Panipuri is a popular street snack in India. It comprises of a round, hollow "puri", fried crisp and filled with a watery mixture of tamarind, chilli/chile and potato, and or chickpeas. The name panipuri literally means "water in fried bread".
Calcutta style Pani Puri
Pani is a Hindi word for water and puri (or poori) is an Indian bread that is made by frying dough in oil. It is known as puchka in West Bengal and Bangladesh. Since the bread is served with special spiced water, it is known as pani poori; it is also known as gol gappa.
In general, any form of phuchka or panipuri is a hollow, puffed, round dough which tastes like a crunchy shell. The shell by itself is not a great tasting snack, unless it is stuffed with special spicy potato-based stuffing and dipped in a masala water to fill up the hollow dough. Usually the stuffing needs to be prepared separately, and a small hole is made on the top centre of the dough with a finger to be able to insert the potato based stuffing inside the hollow dough. It is then dipped in the masala water and then served.
"The Kastoori's famous taste bomb - to be eaten in one! Crispy puries filled with diced potatoes, chick peas, puffed rice, onions, pani sauce, sweet and sour sauce and topped with yoghurt sauce." -- from the menu. Kastoori's is located 188 Upper Tooting Road, SW17 7EJ London
Nearest Tube: Tooting Bec, Tooting Broadway
Pani Puri is the associated stuffing and recipe of the masala water that makes it unique. In different regions in India, depending upon the local palate, the stuffing and water are made differently. They are known by different names based on these different recipes.
Preparation of the stuffing
Boiled potatoes are mashed or diced and mixed with powdered black salt, roasted cumin powder and roasted red chilli/chile powder. Boiled chana dal (chick peas) and coriander leaves may also be added to the mixture. Finely chopped onion can also be mixed in stuffing for taste. If you don't have potatoes, you can also use Garbanzo Chick Peas.
A serving of pani puri (aka gol guppe) at India Plaza's Chaat Corner in Tempe
Preparation of the water
Tamarind pulp, roasted chilli/chile powder, roasted cumin powder, black salt and regular salt are mixed thoroughly in water. Instead of tamarind, lemon or young green mango (which is sour in taste) can be made into paste along with Aam Adrak (ginger with the flavour of mango), along with mint water and spices like chilli powder, roasted cumin, black salt, and dry mango powder (amchur).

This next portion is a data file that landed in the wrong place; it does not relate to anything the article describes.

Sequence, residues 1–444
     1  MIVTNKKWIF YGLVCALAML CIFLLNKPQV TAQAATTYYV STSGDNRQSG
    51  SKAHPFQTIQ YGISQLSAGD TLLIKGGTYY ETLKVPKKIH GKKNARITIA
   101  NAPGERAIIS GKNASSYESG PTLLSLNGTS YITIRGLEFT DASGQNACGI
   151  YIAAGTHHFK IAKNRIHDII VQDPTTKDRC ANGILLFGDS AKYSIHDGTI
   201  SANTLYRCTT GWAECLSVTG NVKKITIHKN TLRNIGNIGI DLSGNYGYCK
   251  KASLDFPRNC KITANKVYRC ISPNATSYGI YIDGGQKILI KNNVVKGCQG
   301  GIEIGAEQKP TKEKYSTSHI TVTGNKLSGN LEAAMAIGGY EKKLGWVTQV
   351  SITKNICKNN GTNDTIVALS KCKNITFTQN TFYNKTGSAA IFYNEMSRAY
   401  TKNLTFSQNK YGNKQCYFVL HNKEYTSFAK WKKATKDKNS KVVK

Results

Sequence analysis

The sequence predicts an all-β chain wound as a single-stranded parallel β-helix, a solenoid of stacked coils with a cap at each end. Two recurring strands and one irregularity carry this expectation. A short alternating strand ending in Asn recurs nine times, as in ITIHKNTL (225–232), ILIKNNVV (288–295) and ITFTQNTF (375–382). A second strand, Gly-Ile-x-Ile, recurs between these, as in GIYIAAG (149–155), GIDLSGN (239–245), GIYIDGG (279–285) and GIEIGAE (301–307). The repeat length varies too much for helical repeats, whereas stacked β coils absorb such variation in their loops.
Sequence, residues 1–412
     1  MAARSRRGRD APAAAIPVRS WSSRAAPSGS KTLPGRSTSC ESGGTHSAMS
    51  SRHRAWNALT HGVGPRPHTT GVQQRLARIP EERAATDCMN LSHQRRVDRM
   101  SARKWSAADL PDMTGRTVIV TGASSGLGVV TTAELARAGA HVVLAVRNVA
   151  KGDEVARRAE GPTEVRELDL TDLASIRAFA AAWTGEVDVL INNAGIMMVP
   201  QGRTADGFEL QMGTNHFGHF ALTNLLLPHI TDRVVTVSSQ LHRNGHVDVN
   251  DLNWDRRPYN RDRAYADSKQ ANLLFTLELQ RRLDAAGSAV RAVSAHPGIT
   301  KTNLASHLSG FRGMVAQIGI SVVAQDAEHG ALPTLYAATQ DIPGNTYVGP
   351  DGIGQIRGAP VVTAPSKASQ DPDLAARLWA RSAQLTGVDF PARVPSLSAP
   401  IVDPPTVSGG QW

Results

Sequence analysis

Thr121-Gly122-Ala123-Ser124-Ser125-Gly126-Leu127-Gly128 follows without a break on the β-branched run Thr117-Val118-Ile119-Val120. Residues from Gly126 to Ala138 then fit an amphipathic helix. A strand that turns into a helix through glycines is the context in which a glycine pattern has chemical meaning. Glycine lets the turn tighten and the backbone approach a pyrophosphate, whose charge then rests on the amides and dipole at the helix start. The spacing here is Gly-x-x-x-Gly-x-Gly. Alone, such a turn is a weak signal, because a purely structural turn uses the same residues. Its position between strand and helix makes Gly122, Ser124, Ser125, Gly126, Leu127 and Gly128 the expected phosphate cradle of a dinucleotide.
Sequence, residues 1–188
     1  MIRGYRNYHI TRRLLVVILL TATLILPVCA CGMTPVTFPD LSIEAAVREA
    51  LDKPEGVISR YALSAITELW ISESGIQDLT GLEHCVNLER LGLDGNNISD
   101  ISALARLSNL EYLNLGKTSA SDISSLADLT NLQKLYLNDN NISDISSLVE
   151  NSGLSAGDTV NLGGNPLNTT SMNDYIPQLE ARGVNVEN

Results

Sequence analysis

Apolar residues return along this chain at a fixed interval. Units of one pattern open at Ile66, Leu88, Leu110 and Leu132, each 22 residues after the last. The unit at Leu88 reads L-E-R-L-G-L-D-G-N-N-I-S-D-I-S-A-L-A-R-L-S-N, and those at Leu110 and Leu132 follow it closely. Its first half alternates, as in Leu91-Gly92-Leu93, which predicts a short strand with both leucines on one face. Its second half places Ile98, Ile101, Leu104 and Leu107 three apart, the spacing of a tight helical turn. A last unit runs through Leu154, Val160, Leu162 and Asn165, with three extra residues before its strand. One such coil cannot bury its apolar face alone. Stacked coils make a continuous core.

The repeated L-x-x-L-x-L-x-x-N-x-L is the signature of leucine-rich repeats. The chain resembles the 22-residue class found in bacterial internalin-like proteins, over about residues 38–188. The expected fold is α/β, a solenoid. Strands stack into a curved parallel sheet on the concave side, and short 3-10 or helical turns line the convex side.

Some of my friends also use tequilla and water, as palm toddy is not available here in the US.
Below is pani puri as served at a party.
Preparation of the shell
Flour, wheat flour and semolina are mixed in equal proportion, and added with salt and little water to make a very thick dough. Very tiny balls are made out of the dough and flattened to a circular shape, with a diameter varying between 2–3 inches, using a rolling pin. These are later deep fried in oil. However, often times it is mre foolproof to buy the shells either fresh made or in vacuum sealed box from Indian markets. It is certainly easier!
Dahi phuchka recipe
Instead of using water as a serving base, dahi (curd/yogurt) is used. The yogurt is battered after adding a little date chutney. Ground spices are sprinkled over it and garnished with sev mamra (an Indian snack consisting of a mixture of spicy dried ingredients, including puffed rice, savoury noodles, peanuts and spices-available in bag like chips from Indian markets.)
Sometimes Boondi or Lentil Balls are also used.
Typically, panipuris are served in 5–8 quantities, constituting a "plate". The plate is constructed out of dry sal leaves and has a triangular shape. Sal leaves (Shorea robusta, Dipterocarpaceae) are used as disposable plates. I sometimes use banana leaves as they are easier to find here, as many Asian markets carry them fresh.
Some places offer panipuris pre-made into a whole plate, but the popular way is to be served them one at a time from a road-side vendor. Customers hold a small plate and stand around the server's cart. The server then starts making one panipuri at a time and gives one to each individual.
Panipuri servers have to remember each customer's preferences: e.g. sweetened pani, more filling, more onions. The server must also keep count of how many panipuris each person has had. Panipuri servers are renowned for remembering choices and numbers served, even when serving an entire crowd.
Traditionally, panipuris are eaten by placing the entire puri into the mouth in one go and biting into it. This releases a barrage of different tastes. Panipuris may be finished off with a cup of the pani, sweetened or soured to taste.
A recent emergence in the presentation of panipuri involves the use of vodka as an intoxicating substitute for the more traditional stuffings. Typically, this serving method is confined to privately-hosted parties, and is seldom (if ever) seen practiced among street vendors.
While many regions in India have their own variations of panipuri, the most famous ones are from Uttar Pradesh Biharis operate most of the chaat stalls all over the country
- In Bengal, it is called phoochka (puchka). Many people enjoy this particular recipe. These do not contain any sweet or mint.
- In Maharashtra, the recipe is usually spicier, and also contains 'boondi' or sprouts in addition to other ingredients. Other names are golgappa (plural: golguppe).
- In certain central parts and Orissa, it is also known as gupchup.
I bought a box of Pani Poori, and I am trying to decide what to fill them with --potato masala? garbanzos? tamarind water? I think using some use tequilla in place of palm toddy and water would be nice this time.
Any suggestions greatly appreciated.
I have seen this but never used it. The prepared pani puri shells I bought are Haldiram's Brand